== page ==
I have vectors $v_1, v_2, v_3$ in $\Bbb{R}^3$ and vectors $w_1, w_2, w_3$ in $\Bbb{R}^4$. There are three mappings from $v_1$ to $w_1$, from $v_2$ to $w_2$, from $v_3$ to $w_3$.

The question is, is there a linear map $\phi$ that maps those vectors in that way?

My first thought is, if $v_1, v_2, v_3$ are linearly independent and $w_1, w_2, w_3$ are linearly independent, then we can have just the transformation matrix $4 \times 3$ with the vectors w as columns.

But what if the $v$ - vectors are not linearly independent? What if the $w$ - vectors are not linearly independent?

How do I find a transformation matrix?


If $v_1,v_2,v_3$ are linearly independent then irrespective of choice of $w_1,w_2,w_3$, there is such a linear map $\phi$. But if $v_1,v_2,v_3$ are not linearly independent, then it depends on $w_1,w_2,w_3$.
Edit Suppose $v_1=(1,0,0)$ and $v_2=(2,0,0)$ then $v_1$ and $v_2$ are linearly dependent because $v_2=2v_1$. So now if there exists a such linear map $\phi$ then $\phi(v_2)=\phi(2v_1)=2\phi(v_1)$. This gives $w_2$ has to be equal with $2w_1$. So in this example if your chosen $w_2\neq 2w_1$ then there will be no such linear map $\phi$.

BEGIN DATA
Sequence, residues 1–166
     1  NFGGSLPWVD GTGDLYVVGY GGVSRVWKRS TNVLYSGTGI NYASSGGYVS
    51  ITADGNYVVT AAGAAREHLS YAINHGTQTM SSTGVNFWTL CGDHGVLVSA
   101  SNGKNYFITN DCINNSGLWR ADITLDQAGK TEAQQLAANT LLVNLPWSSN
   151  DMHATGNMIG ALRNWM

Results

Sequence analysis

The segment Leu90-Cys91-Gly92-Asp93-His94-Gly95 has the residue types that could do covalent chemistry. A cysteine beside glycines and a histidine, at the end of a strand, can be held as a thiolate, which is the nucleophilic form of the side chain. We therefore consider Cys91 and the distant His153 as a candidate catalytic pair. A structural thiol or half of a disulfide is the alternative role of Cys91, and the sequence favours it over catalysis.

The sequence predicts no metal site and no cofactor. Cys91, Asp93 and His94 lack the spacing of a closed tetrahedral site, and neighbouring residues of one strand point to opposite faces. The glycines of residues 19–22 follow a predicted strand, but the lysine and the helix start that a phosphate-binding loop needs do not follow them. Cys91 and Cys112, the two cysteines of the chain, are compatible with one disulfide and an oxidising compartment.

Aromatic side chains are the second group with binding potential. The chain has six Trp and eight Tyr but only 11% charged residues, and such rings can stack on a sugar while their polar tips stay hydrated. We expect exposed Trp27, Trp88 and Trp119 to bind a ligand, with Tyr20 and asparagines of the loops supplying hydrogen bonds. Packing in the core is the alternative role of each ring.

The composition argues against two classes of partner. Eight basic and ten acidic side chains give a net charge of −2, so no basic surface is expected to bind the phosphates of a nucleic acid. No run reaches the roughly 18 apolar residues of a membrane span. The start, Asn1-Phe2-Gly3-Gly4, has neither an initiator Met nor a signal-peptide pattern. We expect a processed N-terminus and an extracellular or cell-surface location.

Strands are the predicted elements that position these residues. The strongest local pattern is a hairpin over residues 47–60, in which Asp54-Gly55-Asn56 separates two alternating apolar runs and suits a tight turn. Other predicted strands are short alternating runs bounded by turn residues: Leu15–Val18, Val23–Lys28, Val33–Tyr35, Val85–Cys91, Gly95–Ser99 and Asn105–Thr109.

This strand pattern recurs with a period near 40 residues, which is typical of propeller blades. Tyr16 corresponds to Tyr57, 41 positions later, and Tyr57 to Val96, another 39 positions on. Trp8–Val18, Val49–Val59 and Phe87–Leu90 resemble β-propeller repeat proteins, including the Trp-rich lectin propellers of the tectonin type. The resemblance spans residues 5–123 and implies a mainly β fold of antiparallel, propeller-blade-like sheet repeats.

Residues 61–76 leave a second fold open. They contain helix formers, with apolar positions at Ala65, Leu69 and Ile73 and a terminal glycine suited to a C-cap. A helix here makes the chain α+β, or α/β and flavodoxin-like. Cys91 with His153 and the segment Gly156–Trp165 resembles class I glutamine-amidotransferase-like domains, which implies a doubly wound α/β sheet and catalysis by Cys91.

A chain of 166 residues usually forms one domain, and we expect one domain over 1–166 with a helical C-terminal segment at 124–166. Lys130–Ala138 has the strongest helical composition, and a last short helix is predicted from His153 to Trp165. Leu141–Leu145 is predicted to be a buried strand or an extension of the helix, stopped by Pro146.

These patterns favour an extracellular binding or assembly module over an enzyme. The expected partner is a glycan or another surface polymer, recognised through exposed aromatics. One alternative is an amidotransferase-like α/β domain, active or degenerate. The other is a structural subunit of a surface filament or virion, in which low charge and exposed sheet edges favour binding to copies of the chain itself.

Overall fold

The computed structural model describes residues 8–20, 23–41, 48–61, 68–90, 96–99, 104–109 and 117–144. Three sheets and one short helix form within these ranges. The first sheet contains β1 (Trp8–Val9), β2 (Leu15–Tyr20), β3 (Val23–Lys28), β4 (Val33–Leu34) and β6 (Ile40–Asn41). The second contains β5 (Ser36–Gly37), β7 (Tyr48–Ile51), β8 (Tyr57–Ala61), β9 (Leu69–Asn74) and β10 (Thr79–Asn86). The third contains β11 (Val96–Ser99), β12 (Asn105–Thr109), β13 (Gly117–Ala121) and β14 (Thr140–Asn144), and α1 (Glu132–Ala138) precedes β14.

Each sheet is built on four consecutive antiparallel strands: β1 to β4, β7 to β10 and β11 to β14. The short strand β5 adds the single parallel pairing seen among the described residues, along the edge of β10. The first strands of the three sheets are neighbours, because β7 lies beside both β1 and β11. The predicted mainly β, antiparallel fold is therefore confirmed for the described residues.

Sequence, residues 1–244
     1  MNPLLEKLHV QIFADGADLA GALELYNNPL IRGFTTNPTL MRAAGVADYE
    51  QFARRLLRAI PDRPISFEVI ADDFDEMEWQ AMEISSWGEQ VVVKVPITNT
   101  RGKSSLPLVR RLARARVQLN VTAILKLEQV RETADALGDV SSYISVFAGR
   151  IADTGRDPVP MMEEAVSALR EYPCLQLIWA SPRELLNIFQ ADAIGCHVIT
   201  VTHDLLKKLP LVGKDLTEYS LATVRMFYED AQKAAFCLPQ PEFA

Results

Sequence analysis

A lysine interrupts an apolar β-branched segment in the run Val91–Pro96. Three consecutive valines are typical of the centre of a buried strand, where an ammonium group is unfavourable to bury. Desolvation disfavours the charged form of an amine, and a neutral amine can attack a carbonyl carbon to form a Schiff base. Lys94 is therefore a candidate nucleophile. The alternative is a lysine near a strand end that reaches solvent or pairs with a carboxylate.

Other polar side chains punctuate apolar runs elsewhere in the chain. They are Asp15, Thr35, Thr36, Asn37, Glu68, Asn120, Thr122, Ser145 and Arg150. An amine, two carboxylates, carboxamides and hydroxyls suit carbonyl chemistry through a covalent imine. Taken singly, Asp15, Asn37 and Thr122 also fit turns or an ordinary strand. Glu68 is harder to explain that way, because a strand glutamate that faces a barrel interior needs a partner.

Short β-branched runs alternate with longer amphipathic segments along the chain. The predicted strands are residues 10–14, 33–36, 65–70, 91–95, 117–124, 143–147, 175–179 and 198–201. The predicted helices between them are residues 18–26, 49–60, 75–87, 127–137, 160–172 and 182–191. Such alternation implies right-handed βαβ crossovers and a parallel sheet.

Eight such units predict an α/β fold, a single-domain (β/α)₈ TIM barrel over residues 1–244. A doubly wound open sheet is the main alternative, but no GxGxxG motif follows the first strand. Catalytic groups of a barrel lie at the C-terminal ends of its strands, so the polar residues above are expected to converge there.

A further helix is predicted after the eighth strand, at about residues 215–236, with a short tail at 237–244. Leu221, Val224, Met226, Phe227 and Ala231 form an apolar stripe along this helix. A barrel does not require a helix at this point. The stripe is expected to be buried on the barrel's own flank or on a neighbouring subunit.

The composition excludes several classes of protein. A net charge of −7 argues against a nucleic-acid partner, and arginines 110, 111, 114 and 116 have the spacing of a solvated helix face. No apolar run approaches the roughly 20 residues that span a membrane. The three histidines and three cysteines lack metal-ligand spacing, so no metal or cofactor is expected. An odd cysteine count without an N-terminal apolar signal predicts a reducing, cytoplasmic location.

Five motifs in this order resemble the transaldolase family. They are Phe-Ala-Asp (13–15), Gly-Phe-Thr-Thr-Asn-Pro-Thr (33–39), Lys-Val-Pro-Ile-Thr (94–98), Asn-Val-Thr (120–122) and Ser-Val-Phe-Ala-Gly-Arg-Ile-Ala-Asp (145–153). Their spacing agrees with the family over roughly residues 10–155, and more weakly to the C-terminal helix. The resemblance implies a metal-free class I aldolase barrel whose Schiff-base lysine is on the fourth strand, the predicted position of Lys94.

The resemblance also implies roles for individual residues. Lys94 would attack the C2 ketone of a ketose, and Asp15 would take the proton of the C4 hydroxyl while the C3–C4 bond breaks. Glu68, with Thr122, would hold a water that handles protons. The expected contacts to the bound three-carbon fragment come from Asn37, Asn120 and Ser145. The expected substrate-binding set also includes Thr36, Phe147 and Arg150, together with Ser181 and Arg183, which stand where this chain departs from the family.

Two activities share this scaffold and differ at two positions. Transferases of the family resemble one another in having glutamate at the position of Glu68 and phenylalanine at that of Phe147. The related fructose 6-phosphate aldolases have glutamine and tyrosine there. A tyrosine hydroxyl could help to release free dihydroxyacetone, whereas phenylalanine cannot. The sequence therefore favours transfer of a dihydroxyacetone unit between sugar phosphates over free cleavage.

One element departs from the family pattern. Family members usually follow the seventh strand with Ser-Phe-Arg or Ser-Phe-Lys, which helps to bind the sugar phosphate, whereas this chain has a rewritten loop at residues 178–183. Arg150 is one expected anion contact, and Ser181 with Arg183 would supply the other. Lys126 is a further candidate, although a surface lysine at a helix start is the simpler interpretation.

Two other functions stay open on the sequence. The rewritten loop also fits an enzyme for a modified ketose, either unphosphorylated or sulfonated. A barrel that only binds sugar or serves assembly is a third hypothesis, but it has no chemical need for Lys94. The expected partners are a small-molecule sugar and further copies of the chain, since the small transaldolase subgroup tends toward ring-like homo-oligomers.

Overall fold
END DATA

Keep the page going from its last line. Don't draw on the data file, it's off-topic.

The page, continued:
• $\begingroup$ Thank You for Your answer. But can You elaborate on "it depends on W"? $\endgroup$
    – Georgia
    Jul 18 '20 at 19:32
  • $\begingroup$ Great, I understood that, Thank You. What is if the w - vectors are not linearly independent. Does that change something? $\endgroup$
    – Georgia
    Jul 18 '20 at 20:53
  • 1
    $\begingroup$ No, it only depends of dependency of $v$ vectors. If they are linearly independent then no problem. If they are dependent then investigation (as I did in the answer for an example) is needed. So focus of concern is on $v$ vectors. $\endgroup$
    – user598858
    Jul 19 '20 at 3:12

Your Answer

By clicking “Post Your Answer”, you agree to our terms of service, privacy policy and cookie policy

Not the answer you're looking for? Browse other questions tagged or ask your own question.